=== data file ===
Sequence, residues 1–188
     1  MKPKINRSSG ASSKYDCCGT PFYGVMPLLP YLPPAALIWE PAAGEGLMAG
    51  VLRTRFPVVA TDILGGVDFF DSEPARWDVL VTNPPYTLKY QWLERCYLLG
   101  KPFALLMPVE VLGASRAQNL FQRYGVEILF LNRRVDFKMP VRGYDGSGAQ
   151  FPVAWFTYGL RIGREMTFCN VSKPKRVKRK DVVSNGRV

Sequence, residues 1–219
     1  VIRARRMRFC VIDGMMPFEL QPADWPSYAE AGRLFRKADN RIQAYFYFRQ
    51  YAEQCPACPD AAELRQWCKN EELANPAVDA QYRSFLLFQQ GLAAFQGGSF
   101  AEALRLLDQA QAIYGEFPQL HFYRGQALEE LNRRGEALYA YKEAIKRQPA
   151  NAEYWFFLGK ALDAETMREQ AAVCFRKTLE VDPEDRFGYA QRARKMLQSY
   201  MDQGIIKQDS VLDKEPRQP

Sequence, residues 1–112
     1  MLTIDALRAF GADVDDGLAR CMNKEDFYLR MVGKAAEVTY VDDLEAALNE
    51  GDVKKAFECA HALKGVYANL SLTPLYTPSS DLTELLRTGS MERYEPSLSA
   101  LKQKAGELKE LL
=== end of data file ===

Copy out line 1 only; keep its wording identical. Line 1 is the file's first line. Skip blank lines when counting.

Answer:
Sequence, residues 1–188